• frequently criticize themselves
  • have troubled relationships
  • question their personal identity or sexuality
  • live with emotional instability
  • have an impulsive nature
  • have feelings of guilt, hopelessness, or worthlessness

Upsetting events can trigger the impulse to cut. If someone is cutting, they might:

  • frequently have fresh cuts, particularly on the arms and legs
  • have scars from previous cuts
  • keep sharp objects like razor blades and knives on hand
  • cover up their skin even when the weather is hot
  • make excuses about cuts and scars that just don’t ring true

A person who cuts may also engage in other self-harm behaviors such as:

  • scratching or picking at wounds
  • burning themselves with cigarettes, candles, matches, or lighters
  • pulling out their hair

If you discover that a loved one is cutting, reach out to them.

Children and teens: friend to friend

If you find out your friend is cutting, remember that you aren’t responsible for their behavior or for fixing it. But you might be able to help. What your friend needs right now is understanding, so let them know you’re there for them.

It's important that you talk to them without any judgement. Suggest that they talk to their parents about cutting. If they aren’t comfortable with that, suggest they speak with a school counselor or other adult they trust.

If you’re very worried and don’t know what to do, tell your own parents or a trusted adult.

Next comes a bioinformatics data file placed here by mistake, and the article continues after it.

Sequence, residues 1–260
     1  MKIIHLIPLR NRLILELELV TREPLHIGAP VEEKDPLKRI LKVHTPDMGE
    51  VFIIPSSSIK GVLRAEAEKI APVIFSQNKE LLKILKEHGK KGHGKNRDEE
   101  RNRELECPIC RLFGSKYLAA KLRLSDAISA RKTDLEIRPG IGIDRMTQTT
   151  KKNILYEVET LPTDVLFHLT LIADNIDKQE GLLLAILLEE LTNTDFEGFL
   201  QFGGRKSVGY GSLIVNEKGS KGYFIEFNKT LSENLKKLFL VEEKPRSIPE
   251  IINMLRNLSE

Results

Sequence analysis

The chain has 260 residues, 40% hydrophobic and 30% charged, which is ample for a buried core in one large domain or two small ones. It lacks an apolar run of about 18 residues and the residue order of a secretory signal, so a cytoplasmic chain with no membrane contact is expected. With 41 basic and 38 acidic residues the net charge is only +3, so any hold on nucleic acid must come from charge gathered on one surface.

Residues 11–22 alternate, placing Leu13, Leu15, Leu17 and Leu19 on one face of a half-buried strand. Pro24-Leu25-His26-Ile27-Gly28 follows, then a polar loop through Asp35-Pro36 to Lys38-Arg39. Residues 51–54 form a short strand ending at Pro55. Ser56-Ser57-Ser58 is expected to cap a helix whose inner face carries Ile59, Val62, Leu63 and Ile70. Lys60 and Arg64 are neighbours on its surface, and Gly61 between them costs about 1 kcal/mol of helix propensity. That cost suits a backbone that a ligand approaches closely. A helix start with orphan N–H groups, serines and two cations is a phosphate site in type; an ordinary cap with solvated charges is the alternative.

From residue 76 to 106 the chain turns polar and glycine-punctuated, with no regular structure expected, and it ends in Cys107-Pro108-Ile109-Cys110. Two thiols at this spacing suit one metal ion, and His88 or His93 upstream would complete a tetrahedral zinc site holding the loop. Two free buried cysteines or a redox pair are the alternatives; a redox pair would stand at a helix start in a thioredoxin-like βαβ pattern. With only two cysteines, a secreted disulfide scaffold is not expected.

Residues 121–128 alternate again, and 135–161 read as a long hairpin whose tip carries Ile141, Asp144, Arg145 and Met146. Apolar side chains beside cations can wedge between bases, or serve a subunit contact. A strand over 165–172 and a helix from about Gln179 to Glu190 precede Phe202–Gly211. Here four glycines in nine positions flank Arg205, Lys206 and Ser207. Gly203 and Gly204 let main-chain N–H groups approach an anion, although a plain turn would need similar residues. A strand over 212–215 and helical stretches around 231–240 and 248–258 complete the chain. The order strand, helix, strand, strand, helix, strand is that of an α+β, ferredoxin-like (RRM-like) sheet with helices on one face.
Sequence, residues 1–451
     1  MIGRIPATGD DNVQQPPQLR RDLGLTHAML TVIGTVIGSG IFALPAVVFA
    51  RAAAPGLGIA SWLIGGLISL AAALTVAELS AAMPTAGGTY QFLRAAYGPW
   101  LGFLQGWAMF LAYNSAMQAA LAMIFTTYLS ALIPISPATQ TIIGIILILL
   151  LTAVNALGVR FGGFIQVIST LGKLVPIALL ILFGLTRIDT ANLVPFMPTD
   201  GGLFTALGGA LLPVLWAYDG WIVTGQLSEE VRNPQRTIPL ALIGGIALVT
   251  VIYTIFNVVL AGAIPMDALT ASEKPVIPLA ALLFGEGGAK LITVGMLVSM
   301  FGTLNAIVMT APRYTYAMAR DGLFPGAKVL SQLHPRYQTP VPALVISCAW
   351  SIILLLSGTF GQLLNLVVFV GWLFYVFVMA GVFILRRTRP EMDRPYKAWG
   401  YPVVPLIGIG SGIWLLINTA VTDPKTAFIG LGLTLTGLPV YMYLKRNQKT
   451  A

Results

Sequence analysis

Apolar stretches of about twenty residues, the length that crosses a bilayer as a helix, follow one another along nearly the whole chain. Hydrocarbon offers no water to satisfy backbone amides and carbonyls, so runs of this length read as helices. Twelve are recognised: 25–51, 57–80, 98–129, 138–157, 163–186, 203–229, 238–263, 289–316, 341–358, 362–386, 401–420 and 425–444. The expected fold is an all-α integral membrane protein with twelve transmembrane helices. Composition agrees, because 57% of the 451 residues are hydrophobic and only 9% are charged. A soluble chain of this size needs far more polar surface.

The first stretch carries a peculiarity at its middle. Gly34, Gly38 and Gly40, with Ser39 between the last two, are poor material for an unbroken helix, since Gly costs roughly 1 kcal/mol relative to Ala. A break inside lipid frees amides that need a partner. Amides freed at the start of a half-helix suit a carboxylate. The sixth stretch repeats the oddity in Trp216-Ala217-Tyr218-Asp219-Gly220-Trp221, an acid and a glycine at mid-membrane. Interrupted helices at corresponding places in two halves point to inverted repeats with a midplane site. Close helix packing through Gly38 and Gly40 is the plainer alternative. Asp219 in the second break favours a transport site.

Parent to child

If your child is cutting, they need compassion and guidance. And they need to know that you love them no matter what. Punishing them or purposely embarrassing them will be counterproductive.

Make an appointment to see your pediatrician or family doctor right away. Have your child examined to make sure there are no serious wounds or infections. Ask for a referral to a qualified mental health professional.

You can also do some research on your own to learn more about self-injury, strategies for overcoming it, and how to avoid relapse.

Once a therapist sets a treatment plan, support your child in following it. Consider joining a support group for parents of people who self-injure.

Adults: friend to friend

If you have a friend who is self-injuring, urge them to see their doctor or mental health specialist.

They have enough on their plate, so try not to pile on with disapproval or ultimatums. Don’t imply that they’re hurting people who love them because guilt doesn’t work and often can make things worse.

They won’t change until they’re ready to do so. Until then, continue spending time with them and ask how they’re doing. Let them know that you’re ready to listen if they want to talk and you’ll support them in their recovery when they do seek help.